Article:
Expert Answer Forum

Titles of Religious Persons QUESTION from Timothy M. Brauch August 12, 1999 My summer job is working for my Diocese. One of my duties was working in the mailroom for a week. In doing the mail I noticed many titles given to different people and was wondering what each meant. For example, • Rev. (I assume Reverned) • Rt. Rev. • Rev. Msgr. • Rt. Rev. Msgr. • Very Rev. • Most Rev. (I know that is for a Bishop)
Also, I am curious on how you rise in the ranks from Rev. to the other titles.
ANSWER by John-Paul Ignatius on September 4, 1999 Dear Mr. Brauch:
Now that we are back from vacation we can catch up on questions that came in during August. Please excuse the delay in answering your question.
Rev. = Reverend (title given upon Ordination)
Reverend Father is a priest; Reverend Mister is a deacon. Rt. Rev. = Right Reverend (title given when elected abbot/consecrated bishop)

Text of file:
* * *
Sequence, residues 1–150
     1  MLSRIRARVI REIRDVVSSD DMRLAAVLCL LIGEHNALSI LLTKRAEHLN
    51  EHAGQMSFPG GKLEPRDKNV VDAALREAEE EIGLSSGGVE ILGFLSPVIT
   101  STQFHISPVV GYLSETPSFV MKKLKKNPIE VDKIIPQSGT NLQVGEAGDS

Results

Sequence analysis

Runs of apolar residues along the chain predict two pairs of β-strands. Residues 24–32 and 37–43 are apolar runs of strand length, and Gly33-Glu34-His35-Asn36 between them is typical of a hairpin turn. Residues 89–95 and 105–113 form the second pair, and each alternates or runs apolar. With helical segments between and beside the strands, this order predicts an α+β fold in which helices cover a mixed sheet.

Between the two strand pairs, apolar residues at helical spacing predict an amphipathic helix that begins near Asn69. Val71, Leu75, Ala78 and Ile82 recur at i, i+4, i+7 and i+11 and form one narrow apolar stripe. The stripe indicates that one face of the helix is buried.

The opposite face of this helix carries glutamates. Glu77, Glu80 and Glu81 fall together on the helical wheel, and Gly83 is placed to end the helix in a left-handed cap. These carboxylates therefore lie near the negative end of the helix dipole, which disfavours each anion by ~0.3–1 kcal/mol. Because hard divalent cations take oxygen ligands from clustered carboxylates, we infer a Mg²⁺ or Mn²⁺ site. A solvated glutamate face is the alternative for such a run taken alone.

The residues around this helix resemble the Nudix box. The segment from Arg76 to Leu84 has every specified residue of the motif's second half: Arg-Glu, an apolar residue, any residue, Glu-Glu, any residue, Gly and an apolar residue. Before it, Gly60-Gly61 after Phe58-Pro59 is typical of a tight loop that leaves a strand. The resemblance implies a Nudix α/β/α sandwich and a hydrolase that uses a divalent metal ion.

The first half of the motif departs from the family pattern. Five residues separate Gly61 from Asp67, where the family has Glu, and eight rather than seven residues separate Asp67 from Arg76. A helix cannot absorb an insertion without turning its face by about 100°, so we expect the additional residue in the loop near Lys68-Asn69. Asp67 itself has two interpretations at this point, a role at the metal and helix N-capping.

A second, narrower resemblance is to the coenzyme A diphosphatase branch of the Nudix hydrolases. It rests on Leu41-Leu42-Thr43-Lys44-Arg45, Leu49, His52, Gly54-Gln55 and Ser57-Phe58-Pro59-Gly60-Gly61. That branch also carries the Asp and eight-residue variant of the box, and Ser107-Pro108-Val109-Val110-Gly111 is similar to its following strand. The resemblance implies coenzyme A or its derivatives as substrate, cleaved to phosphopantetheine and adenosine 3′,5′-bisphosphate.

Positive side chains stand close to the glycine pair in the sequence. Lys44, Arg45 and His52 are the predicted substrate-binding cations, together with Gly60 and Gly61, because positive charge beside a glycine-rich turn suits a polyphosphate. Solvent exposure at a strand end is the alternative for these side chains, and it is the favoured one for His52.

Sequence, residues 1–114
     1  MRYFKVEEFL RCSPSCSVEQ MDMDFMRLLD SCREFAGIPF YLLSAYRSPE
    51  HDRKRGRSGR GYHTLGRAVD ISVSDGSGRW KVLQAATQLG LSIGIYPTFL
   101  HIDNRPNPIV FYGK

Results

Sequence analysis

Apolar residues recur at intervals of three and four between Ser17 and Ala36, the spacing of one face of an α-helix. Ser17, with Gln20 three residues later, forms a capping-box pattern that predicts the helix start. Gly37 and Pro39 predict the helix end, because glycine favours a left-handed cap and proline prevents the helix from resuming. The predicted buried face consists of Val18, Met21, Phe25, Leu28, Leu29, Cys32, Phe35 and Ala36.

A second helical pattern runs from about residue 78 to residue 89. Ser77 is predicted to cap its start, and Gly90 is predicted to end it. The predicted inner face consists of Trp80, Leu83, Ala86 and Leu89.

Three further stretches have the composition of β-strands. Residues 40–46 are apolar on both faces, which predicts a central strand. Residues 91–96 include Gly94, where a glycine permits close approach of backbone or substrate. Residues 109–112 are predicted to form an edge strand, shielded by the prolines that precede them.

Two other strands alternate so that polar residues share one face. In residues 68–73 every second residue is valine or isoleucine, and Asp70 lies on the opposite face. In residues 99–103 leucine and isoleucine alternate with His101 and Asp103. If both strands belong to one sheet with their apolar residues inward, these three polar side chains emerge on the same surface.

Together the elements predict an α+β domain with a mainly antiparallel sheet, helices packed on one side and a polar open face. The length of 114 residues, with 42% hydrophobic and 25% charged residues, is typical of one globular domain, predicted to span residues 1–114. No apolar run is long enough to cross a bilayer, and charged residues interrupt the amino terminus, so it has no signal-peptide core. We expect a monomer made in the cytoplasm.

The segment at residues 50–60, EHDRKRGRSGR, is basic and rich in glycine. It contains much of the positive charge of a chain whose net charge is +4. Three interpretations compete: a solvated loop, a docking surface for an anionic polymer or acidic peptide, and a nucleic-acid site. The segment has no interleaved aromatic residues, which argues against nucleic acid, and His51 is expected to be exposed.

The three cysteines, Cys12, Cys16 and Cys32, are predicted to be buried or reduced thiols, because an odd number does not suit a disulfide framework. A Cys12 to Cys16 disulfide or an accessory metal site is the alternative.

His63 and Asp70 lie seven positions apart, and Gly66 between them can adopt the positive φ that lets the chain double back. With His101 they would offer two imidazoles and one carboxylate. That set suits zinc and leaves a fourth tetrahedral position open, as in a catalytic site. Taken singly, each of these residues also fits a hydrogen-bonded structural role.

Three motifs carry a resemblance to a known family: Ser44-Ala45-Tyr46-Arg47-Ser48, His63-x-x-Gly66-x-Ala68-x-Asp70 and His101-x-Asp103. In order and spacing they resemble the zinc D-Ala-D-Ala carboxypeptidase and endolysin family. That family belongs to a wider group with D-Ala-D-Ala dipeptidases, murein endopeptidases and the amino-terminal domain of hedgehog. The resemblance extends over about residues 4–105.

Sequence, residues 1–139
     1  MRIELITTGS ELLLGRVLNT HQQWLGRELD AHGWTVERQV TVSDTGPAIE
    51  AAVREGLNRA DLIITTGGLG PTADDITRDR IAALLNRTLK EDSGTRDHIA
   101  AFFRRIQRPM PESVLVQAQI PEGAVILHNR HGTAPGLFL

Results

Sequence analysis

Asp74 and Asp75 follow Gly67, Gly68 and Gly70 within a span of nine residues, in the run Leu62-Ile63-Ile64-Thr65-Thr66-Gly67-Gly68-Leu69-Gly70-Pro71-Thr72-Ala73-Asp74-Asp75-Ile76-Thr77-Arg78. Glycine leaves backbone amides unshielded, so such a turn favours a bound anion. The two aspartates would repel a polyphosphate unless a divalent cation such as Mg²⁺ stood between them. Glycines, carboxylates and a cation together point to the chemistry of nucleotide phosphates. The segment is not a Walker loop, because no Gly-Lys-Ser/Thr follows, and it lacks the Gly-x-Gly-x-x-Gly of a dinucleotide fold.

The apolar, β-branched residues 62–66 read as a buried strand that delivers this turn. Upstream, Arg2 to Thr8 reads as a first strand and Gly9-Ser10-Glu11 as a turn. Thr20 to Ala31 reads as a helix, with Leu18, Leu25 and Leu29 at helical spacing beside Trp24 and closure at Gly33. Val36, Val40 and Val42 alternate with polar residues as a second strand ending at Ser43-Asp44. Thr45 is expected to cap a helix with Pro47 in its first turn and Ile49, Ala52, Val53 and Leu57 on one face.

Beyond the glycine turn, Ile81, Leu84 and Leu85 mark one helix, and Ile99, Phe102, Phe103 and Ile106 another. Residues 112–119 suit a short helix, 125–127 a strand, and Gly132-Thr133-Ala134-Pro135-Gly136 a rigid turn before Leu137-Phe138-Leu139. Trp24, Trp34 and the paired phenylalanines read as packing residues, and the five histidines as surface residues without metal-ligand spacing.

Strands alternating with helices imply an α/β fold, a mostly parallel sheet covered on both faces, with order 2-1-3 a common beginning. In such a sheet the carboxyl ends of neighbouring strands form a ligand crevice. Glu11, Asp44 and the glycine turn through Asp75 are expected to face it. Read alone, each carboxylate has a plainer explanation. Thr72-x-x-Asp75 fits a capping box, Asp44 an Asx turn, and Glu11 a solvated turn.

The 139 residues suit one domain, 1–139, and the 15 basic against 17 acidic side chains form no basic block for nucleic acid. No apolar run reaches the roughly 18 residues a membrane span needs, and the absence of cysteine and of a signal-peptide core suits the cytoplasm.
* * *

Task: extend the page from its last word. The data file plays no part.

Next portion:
This is a title usually used with abbots who have equivalent rank of bishop, sometimes with bishops.
Rt. Rev. Msgr. = Right Reverend Monsignor referring to a Monsignor of higher rank such as a bishop. All bishops and archbishops have a right to use the title of Monsignor. Rev. Msgr. = Reverend Monsignor (title given when appointed)
Most often Monsignor is an honorary title given by the Pope. They become part of the papal household with titles of Chaplain of His Holiness, Prelate of Honor of His Holiness, or Protonotary Apostolic. Monsignors are entitled to wear distinctive vesture that is similar to a bishop that indicates that they have been given this honor.
Very Rev. = Very Reverend (title given when elected a minor superior (who is also a priest) in a religious community)
title given to prefects who are not bishops such as religious superiors to houses under an abbot. The Very Reverend is below the rank of abbot. Most Rev. = Most Reverend (title given at consecration as Bishop)
I think I have these generally correct.
The Right, Very, and Most are used in different ways in different countries and in the various religious orders.
Other groups, such as the Anglicans and even some Protestants also use these terms or various levels of rank.
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